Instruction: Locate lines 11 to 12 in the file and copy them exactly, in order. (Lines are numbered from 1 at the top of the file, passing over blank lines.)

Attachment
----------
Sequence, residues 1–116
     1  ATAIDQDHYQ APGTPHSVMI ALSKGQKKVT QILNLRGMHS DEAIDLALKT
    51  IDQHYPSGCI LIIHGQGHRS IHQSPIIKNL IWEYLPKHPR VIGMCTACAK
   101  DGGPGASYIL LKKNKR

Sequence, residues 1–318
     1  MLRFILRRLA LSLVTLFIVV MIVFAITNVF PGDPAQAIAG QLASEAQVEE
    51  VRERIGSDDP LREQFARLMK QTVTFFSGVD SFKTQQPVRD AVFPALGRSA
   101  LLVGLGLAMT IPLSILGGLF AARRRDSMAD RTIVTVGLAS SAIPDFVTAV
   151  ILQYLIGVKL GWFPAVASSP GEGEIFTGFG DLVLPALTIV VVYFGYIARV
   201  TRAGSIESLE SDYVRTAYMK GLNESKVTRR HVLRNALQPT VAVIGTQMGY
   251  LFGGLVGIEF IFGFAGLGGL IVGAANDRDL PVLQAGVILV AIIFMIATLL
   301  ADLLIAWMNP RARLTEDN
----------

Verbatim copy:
   251  LFGGLVGIEF IFGFAGLGGL IVGAANDRDL PVLQAGVILV AIIFMIATLL
   301  ADLLIAWMNP RARLTEDN